Fr. Bob Warren's Week Reflection: Before You Bring Your Gift to the Altar
Before You Bring Your Gift to the Altar
gospel contains a rubric for the Eucharist. Rubrics are directions in
the official book that we use for Mass. They are printed in red ink.
Most rubrics come from liturgists, experts who tell us how Mass is to be
celebrated. But this rubric comes from Jesus Himself. Here's what He
you bring your gift to the altar and there recall that your brother has
anything against you, leave your gift at the altar. Go first to be
reconciled with your brother, and then come and offer your gift."
is simply saying that worship must change us. Otherwise, it is an empty
show. When we come to Mass, the first thing we do is to confess our
sins against God and each other. It would be strange if after doing
this, we continued to have ill thoughts against each other. We turn to
each other at the Sign of Peace, and wish each other the peace of
Christ. But does that peace last? Does it last until the parking lot or
the dinner table?
receive communion, and the Lord who warns us not to offer our gifts if
we still bear grievances, could also warn us not to receive the gift,
the gift of His Body unless we are willing to be in communion with each
man once told me how he had wronged his brother, and he desperately
wanted to make amends, to patch things up. But the wronged brother
would have none of it. He refused to attempt at coming together. The
man said of his brother, "He became a prisoner of what I had done to
am sure that some of us can testify to that statement from our own
experience. We all know people, or perhaps, ourselves, who refuse to go
to a party because they might meet so-and-so with whom they have a
grievance, or who refuse to share in a family reunion, or even go to a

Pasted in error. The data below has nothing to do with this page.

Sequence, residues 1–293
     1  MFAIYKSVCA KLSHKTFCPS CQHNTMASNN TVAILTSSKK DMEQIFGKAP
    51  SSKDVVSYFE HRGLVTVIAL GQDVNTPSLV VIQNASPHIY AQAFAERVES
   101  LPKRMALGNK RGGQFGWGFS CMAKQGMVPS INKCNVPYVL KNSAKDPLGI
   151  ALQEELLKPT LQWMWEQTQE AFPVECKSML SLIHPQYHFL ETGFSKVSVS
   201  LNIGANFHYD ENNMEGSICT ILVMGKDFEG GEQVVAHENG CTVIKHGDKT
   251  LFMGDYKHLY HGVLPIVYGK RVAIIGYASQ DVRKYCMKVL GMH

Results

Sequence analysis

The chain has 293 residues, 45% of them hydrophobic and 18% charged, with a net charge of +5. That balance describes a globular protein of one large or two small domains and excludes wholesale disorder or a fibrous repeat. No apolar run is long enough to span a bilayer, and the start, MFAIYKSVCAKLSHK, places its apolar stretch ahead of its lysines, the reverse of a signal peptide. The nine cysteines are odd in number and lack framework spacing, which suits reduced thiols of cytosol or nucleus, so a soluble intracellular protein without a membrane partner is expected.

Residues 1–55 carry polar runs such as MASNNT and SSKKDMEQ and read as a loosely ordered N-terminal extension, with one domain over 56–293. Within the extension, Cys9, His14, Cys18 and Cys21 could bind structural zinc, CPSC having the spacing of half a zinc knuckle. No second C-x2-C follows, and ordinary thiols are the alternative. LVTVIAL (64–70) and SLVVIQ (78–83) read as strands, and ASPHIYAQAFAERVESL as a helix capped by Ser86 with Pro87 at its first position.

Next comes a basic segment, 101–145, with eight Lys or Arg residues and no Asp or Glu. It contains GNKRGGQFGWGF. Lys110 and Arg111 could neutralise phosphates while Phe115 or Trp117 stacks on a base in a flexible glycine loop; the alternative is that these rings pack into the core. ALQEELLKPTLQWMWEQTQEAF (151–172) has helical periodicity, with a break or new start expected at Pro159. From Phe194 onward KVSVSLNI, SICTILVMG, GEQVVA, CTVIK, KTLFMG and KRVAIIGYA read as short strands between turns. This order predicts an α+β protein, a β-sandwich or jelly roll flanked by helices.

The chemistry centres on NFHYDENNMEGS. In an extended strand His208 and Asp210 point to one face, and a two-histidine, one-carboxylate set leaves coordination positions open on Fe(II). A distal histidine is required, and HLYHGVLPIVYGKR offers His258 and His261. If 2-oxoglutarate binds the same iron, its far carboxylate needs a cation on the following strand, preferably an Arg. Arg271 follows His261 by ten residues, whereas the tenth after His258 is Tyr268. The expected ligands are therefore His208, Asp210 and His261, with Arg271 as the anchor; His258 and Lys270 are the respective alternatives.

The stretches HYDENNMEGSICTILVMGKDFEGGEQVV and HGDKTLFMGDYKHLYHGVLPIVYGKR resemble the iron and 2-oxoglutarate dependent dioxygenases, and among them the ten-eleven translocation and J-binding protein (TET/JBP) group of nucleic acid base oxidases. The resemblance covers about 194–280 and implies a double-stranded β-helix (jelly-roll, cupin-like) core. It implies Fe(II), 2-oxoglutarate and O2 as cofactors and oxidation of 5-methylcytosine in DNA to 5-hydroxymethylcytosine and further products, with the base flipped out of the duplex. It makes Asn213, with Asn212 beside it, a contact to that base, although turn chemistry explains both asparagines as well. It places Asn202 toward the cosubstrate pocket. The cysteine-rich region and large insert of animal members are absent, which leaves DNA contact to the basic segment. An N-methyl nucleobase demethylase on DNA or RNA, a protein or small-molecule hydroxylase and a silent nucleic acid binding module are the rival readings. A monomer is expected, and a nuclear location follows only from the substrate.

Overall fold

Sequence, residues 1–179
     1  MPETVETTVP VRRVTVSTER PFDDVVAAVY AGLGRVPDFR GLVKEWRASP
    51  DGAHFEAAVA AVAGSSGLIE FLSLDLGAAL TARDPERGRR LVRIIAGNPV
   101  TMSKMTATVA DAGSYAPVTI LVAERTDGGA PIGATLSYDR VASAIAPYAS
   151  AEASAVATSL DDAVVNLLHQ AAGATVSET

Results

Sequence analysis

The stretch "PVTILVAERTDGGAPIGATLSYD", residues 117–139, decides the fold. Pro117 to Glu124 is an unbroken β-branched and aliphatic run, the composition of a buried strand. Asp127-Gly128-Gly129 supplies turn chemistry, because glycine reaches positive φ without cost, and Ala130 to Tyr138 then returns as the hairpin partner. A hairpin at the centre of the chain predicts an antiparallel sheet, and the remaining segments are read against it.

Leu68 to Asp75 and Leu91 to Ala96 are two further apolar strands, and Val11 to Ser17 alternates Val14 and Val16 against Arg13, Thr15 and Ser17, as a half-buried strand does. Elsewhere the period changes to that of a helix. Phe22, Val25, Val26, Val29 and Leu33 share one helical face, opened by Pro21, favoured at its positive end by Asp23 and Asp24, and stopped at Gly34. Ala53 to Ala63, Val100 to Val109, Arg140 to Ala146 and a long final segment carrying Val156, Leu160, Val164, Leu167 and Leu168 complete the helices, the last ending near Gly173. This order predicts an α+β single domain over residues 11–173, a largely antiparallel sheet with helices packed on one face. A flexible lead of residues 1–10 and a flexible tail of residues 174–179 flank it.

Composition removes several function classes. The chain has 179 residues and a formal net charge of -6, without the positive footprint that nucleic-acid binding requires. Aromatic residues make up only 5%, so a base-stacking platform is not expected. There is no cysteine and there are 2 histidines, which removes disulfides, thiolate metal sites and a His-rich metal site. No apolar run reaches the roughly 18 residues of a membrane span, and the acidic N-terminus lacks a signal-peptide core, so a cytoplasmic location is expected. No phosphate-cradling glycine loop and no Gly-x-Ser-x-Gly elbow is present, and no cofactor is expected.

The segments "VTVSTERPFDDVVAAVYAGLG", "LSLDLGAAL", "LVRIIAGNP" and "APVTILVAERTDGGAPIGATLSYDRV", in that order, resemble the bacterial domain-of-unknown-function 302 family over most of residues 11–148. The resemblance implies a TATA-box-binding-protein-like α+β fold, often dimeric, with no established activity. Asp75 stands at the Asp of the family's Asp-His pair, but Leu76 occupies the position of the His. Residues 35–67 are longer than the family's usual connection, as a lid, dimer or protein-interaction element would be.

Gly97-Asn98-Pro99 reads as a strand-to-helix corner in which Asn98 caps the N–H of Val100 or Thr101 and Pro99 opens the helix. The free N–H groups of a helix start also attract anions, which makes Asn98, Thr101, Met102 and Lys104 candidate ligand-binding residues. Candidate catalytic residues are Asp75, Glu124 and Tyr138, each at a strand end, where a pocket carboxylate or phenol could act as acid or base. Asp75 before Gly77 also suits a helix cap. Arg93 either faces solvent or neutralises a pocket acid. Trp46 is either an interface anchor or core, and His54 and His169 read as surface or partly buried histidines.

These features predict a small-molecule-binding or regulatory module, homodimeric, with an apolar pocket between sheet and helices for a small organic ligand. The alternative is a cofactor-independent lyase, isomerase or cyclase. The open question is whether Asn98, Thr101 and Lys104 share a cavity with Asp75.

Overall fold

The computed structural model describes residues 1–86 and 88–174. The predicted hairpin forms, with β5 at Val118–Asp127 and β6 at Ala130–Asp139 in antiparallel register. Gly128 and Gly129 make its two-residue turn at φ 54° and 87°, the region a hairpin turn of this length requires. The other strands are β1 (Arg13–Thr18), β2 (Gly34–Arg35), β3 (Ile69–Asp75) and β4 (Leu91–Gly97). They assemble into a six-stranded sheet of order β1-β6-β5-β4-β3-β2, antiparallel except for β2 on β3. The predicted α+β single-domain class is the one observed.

funeral, because of some wound inflicted, perhaps long ago, by a family
member. In some cases, resentment is so great that we cannot even eat
or sleep. Angry thoughts follow us to bed, and they invade our dreams.
And those words become true. We become prisoners of what someone did to
tend to forget that we are followers of Jesus who taught us to pray,
"Forgive us our trespasses, as we forgive those who trespass against
have been reflecting on just a single sentence in today's gospel,
trying to turn it into a word of life, a life worth living... the Christ
life. But sometimes this brings on discouragement. We can fall into
the trap of thinking we are not good enough to come to the altar. We
think that we will never be patient, free of anger, resentment, dark
thoughts. Our confession of these failings runs on from childhood to old
must be patient with ourselves, with our trying. And we must be honest
with ourselves knowing that we need the grace of God to do anything
good. Without it, we might as well try to raise flowers or a field of
wheat without the sun. No one ever said that a single sermon, a single
line in the gospel, or even a blunt directive from Jesus, is going to
change us, to make us saints overnight. But we have to have the desire
to change, the willingness to let God's grace work in our lives. We have
to acknowledge the reality of our sinfulness, while also acknowledging
the reality of God's love for us, a love that keeps reaching out to us
in spite of our faults and our sins. It is a love that keeps urging us
on to try to do better.
"How many times shall I forgive, Lord... seven times?"
"No seventy times seven," was the Lord's reply.
us be sure that we are not held prisoner by what someone else has done
to us. Let us recall the words of our first reading, Sirach 15:15-20. If
you wish, you can keep the Commandments, to behave faithfully is within
your power. He has set fire and water before you. Put your hand to
whichever you prefer. Set before you are life and death. Choose life.
The life of Christ.